FILE-in This., Nov. 29, 2013, file photo shows a part of the HealthCare.gov website, photographed in Washington. (AP Photo/Jon Elswick, file)
The conservatives, the long-despised ObamaCare expected, look forward to, now that a Federal judge in Texas has ruled that law to be unconstitutional.
But only few of them the champagne, pop the corks are, at least in the media.
“No one rejects ObamaCare more than we do,” says The Wall Street Journal editorial page, but the ruling “is likely to be overturned on appeal, and can backfire politically on Republicans.”
ObamaCare was a “misbegotten law,” says the “National Review”. “We are not able to applaud, judge Reed O’connor’s decision. In fact, we regret it. It will not lead to the replacement of Obamacare, as much as we want that result. It is instead the Republicans be another way to evade responsibility ahead of legislation in this direction … it is very likely to be overturned on appeal, because it deserves to be.”
ObamaCare coverage remains intact in the midst of Supreme court verdict
Exchanges still open for business after a Federal judge deals a serious blow to the health-care-law; Doug McKelway reports from Washington.
ObamaCare is flawed legislation was, to say the least, that the premiums for some people and, despite the former President’s promises, and caused others to lose their doctors and their plans.
But there is a reason that a Republic save cher Congress with President Trump’s failed three attempts, repealed and replaced the law. Much of the GOP do not want to take the political heat, the millions of Americans losing their health insurance.
The law has become more popular, now that his name is out of the office, and in particular, the provision that bars insurance companies from rejecting people with pre-existing conditions. Many Republicans spent the campaign swears to preserve, which is part of the law (even some that have chosen to ObamaCare, abolish, or moved to weaken at the state level).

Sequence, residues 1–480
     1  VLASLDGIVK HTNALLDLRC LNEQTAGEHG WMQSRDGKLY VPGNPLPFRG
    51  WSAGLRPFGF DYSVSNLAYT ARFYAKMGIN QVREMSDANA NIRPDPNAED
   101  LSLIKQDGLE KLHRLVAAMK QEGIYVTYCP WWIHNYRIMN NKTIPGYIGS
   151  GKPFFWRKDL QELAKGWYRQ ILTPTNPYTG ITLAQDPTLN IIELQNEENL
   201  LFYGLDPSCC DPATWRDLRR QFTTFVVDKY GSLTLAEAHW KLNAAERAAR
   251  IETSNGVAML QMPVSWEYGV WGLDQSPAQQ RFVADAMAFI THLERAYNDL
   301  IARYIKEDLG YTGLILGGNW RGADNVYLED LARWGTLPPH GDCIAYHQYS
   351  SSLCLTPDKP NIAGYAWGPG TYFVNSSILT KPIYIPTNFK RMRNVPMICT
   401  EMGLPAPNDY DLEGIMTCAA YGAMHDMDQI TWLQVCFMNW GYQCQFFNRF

Not everyone agrees on the right side. The Federalist-says the judge’s decision is long overdue, because “the blunt reality is that Obamacare has always been at the heart of a bad-faith proposal. The basic operation of the law, never stated or acknowledged by its authors, was to force, to subsidise younger, healthier people, health insurance for older, sicker people. It is a redistribution was a scheme, plain and simple.”
By the way, it is no coincidence that the decision came from O’connor, a controversial and conservative Bush-appointee who often ruled against the Obama administration. Nor is it a coincidence that the States that filed the suit did so in Texas, where the courts are likely to be conservative — the flip side of the Trump to complain about the suits in the liberal 9. District in San Francisco.
If the John Roberts court upheld the law in 2012, said that Congress could not force people to buy insurance through the individual mandate, but that was okay, because it could tax people who don’t purchase coverage.
What’s next for ObamaCare to Texas-judge-verdict?
Federal judge rules of the Affordable Care Act, is unconstitutional.
Last year, as part of the tax reform, which the Congress determined the penalty tax to zero, resulting in the mandate. O’connor ruled that the whole law must be dismissed because it is based on a tax-slash-mandate no longer exists.
It is doubtful, to buy that the Supreme court, this argument, but the political impact is in the short term, it is clear. Democrats see a boost in their efforts, some version of Medicare for All, although the decision should block things, and the GOP Senate does not go along in any case. The Republicans have to navigate a path between the rhetorical opposition to ObamaCare and not the steps that would lead to a health crisis and beyond you ban pre-existing conditions.
Trump, while tweeting that the law is “UNCONSTITUTIONAL CATASTROPHE”, was added quickly: “Now, Congress will pass a STRONG law that offers good health care, and protects pre-existing conditions. Mitch and Nancy, get it done!”
But you get it done, would have been easier if Nancy leader was a minority. Ultimately, a divided Congress, not the courts, must find a way out of this mess.